Although similar in size and shape, the Brambling can be instantly distinguished from the Chaffinch by its white rump, orange-buff colouration, flecked flanks and lack of white on the outer tail feathers. Male Bramblings are more strongly marked than both females and immatures. Confusion with Chaffinch may occur if the bird is not seen well, when the wing pattern can be suggestive of Chaffinch. Both the flight call, and the sound of a roosting flock are distinctive.
Bramblings are migrants, wintering south of the breeding range and in varying numbers depending upon the availability of beech mast. It is only really in poor mast years, with bad winter weather that any number can be seen feeding in British gardens.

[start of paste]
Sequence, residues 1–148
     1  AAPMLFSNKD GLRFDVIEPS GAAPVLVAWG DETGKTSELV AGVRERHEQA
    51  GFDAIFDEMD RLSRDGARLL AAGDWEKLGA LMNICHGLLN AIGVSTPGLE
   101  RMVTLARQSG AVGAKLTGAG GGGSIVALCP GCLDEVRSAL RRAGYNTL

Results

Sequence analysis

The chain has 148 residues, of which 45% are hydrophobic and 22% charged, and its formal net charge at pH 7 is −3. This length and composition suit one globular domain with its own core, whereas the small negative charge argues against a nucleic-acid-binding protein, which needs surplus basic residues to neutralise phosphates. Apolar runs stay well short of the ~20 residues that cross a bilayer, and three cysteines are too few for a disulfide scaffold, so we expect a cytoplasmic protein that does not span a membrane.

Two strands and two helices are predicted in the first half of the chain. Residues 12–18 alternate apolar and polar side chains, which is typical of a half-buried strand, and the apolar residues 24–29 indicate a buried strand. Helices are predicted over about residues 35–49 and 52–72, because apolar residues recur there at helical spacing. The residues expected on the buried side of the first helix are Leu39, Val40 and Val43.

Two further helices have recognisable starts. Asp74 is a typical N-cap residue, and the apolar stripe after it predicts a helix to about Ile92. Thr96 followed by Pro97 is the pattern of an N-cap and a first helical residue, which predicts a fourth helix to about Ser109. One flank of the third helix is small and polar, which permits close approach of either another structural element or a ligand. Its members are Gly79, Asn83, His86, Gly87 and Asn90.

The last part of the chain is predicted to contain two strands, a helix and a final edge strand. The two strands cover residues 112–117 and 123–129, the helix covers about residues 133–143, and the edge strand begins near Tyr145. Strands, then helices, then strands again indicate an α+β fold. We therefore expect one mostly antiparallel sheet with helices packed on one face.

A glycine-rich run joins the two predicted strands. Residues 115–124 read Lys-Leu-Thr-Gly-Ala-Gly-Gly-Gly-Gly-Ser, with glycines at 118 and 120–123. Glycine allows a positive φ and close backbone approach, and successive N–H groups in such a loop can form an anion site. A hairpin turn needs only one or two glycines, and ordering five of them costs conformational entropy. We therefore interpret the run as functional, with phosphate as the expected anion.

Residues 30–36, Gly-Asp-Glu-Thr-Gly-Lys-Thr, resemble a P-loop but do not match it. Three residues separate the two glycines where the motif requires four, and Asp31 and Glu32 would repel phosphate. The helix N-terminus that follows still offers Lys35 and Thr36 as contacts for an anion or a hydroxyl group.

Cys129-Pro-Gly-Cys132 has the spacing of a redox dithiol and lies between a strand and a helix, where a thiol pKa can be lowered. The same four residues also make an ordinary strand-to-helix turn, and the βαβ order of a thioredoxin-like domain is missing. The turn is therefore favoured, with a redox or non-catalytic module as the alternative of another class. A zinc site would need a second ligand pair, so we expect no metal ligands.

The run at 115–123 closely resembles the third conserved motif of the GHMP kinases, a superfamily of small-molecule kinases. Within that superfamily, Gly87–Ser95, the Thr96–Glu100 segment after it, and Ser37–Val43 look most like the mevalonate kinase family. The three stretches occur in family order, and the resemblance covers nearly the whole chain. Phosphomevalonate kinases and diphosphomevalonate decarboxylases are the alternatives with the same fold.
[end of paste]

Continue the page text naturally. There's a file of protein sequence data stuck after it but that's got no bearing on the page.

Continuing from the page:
Most of those reaching Britain come from Fennoscandia, arriving via the Continent to avoid crossing the large expanse of the North Sea. While Chaffinches will exploit beech mast if it occurs locally, Bramblings very clearly move to find beech mast.
Brambling are winter visitors to gardens and the numbers moving into gardens in a particular winter is determined by the size of the Beech mast crop (Chamberlain et al. 2007) and the prevailing weather conditions.